Laila is an inspirational and faithful wife, daughter, sister in Christ, mother, teacher, confidant, and child of the King. I am everlastingly grateful to my Lord and Savior for bringing me into a world where she named me, and leads me on to trust in your glory.

“A cup brimful of sweetness cannot spill even one drop of bitter water, no matter how suddenly jarred.” -Amy Carmichael

My best to you,

Erin Elizabeth Duffy


I am a truly imperfect person, and this is beautiful.

But the irony is that I am a perfectionist.

Making mistakes, having flaws; I find these chips beautiful and of value in almost everyone else but myself. Many times. And what I am trying to accept is that these chips and rough edges can make everyone - including myself, including those I need to forgive and those I am holding prejudice toward - beautiful.

However it depends on how we treat our edges. If we run the sharpness across walls and leave scars all over because we can't reach acceptance and see the beauty in imperfection. If we allow our emotion toward our mistakes to dominate and dictate who we become and how we interact, then our damage doesn't do us good. But damage can shape us into an even more developed and endearing image of who God created us to be.

Being a perfectionist, my recommendations to anyone struggling with the meaning in their mistakes would be:

Try to slow down or stop for a moment. Don't let your emotion toward the mistake dominate you. Breathe. Do yoga. Take a shower. Go on a run. Hold a cold ice pack for two minutes. But don't let that emotion overpower you and destroy you. It is natural to be upset over making a mistake. But seek out a healthy method of finding calm. Note: Sometimes it can be useful to combine skills. For example the ice pack, then a gentle yoga session afterward.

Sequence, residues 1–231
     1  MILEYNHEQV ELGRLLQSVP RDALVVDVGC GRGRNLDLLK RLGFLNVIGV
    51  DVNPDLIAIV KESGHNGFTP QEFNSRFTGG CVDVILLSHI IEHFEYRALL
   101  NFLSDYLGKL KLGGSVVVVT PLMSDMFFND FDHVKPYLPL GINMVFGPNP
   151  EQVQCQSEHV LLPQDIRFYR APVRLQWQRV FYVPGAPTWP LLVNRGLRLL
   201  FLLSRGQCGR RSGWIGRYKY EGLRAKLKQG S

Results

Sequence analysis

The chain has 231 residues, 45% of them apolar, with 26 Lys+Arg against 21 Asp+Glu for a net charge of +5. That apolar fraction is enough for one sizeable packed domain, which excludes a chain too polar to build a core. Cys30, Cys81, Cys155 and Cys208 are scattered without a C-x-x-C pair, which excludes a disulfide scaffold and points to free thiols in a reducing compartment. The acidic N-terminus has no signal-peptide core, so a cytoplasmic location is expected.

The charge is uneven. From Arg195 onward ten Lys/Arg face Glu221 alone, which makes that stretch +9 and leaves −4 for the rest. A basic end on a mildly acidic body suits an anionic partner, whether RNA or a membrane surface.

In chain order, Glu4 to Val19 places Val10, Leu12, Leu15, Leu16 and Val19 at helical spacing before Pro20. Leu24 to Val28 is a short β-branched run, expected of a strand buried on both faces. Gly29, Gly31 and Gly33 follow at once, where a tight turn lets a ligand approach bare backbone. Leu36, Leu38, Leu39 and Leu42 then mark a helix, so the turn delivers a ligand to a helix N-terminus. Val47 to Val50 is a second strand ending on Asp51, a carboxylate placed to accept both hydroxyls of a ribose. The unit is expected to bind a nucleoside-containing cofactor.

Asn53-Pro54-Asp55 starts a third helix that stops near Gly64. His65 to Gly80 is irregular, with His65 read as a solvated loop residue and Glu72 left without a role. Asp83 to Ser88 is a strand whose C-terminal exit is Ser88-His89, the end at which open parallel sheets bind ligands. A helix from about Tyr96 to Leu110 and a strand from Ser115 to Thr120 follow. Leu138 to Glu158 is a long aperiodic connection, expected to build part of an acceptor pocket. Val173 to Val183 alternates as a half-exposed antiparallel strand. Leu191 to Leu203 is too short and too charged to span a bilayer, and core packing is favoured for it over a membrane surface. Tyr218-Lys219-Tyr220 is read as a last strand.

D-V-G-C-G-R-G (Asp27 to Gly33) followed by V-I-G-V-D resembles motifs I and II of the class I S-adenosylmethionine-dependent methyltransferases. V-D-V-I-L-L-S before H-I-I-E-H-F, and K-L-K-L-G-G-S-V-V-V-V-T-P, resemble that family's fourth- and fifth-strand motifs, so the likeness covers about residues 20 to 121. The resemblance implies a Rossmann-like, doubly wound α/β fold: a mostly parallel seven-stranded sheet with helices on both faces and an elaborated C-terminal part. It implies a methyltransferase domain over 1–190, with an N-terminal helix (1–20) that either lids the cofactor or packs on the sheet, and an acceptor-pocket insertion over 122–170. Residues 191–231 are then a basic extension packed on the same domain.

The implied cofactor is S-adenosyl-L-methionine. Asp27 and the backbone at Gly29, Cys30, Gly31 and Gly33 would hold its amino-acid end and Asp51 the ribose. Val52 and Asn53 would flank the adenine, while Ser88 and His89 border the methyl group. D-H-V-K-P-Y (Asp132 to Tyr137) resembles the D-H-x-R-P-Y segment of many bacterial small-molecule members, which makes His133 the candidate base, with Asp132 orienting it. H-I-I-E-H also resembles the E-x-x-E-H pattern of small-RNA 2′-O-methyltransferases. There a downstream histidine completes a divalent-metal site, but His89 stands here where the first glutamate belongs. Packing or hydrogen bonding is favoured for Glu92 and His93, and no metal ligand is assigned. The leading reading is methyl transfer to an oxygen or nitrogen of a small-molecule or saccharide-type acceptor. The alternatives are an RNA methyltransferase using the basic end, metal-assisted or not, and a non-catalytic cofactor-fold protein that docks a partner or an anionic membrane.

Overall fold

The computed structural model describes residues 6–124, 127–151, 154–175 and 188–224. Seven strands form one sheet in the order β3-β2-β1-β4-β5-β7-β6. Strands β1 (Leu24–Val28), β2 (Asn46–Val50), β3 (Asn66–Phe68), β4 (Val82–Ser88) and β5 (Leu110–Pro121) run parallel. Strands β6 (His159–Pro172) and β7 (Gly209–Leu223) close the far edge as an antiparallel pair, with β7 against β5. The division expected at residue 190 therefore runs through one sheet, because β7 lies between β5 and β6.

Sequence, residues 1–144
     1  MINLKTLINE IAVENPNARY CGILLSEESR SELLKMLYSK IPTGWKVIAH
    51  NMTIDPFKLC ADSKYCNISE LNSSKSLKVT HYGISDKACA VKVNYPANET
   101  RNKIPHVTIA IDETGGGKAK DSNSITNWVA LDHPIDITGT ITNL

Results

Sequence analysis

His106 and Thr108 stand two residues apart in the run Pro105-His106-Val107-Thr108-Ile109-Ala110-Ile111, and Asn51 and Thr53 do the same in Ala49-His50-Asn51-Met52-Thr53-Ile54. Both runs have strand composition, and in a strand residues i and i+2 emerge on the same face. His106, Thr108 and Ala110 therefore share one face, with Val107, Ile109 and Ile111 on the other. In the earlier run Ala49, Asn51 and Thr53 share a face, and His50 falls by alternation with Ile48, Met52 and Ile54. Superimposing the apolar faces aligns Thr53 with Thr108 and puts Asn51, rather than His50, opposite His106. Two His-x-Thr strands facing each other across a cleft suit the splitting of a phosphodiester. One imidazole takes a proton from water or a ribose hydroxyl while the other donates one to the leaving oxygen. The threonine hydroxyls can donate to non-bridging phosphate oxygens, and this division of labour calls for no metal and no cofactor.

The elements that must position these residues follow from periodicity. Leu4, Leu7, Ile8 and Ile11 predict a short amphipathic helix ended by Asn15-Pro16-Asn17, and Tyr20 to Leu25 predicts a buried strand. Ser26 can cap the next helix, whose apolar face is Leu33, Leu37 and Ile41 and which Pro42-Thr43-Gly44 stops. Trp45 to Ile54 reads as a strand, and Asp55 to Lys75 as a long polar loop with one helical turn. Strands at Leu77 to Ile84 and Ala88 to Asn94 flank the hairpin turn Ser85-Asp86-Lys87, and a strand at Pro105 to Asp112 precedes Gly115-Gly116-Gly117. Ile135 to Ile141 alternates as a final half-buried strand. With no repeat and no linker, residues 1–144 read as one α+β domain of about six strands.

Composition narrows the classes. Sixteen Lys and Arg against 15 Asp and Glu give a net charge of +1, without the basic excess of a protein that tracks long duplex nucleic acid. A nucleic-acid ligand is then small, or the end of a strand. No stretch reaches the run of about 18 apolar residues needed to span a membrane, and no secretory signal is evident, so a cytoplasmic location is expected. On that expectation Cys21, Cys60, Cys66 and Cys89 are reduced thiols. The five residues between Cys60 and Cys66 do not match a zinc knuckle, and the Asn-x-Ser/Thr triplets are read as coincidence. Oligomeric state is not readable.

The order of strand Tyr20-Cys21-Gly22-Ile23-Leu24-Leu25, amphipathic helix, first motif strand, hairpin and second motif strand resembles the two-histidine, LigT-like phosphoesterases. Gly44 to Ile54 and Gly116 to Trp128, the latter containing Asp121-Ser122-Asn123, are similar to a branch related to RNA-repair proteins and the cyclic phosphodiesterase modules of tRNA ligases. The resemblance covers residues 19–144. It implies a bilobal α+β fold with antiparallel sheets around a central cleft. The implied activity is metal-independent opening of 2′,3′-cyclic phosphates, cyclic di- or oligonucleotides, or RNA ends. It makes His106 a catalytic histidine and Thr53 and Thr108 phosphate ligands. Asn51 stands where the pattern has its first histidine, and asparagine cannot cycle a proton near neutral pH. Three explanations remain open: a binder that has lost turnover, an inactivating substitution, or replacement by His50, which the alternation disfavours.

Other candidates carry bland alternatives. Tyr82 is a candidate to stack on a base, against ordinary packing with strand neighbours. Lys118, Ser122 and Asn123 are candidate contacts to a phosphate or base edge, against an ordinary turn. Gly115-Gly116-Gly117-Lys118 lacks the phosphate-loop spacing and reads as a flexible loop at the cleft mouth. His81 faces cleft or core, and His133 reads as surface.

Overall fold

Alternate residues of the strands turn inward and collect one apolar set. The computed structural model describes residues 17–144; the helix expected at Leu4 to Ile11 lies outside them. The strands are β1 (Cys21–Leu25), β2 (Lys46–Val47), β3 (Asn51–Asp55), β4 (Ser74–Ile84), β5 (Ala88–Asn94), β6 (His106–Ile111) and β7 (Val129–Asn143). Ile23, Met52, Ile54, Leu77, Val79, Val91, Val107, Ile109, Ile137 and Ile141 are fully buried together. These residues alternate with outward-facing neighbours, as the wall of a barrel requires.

Figure out what needs to be addressed. Sometimes what upsets us is a  mistake we would be better to smile at (if we can) and move on from. Learning to smile at smaller mistakes (tripping down the stairs, falling out of a yoga pose) helps with being able to move on from the more mortifying mistakes we make (forgetting to pass in that paper, sending an important text to the wrong person).

Choose to let go of the emotion toward the mistakes where it doesn't need to be addressed. For example embarrassment or guilt for forgetting to hand in that paper or sign up for the lecture. Then deal rationally with the aftermath. Could you contact your teacher and ask for extra credit? Could you sign up for a different lecture or course? Then act on it.

Some situations, our emotions need to be addressed. Like the shame over gossiping about your roommate on a bad day, or the sadness and anguish over your uncle's diagnosis. Try writing down a chart with what you feel and think on one side, and what the facts are on the other. Fact: I gossiped about Kim behind her back. Feeling: I feel guilty and know what I did was wrong. Fact: My uncle has cancer. Feeling: I am afraid he will die. Then find the truth and act. Truth: I gossiped about Kim and since I know it was wrong I feel guilty. How can I move forward to speak differently in the future? Could I talk to her about what is bothering me and find a solution together? Truth: My uncle has cancer and I am afraid he will die. Who can I talk to or pray with to find peace over this?

Action and reaction. Take your steps to make it right, then choose to truly let it go and move on. This is the hardest part. Stand your ground. Your emotion may try to pull you right back into its vortex. Allow your mistakes to be beautiful and shape you for the better, and find your value apart from the past.

"The truth is, we are much more than our mistakes and are valuable apart from our imperfection. While it is crucial to learn, grow, and move on from our mistakes, wearing them as scars will not serve us personally or relationally." -Nicole Zasowski

To better help you, here is an article from a professional, Nicole Zasowski, who explains this much more eloquently than I just did.

My best to you,

Erin Elizabeth Duffy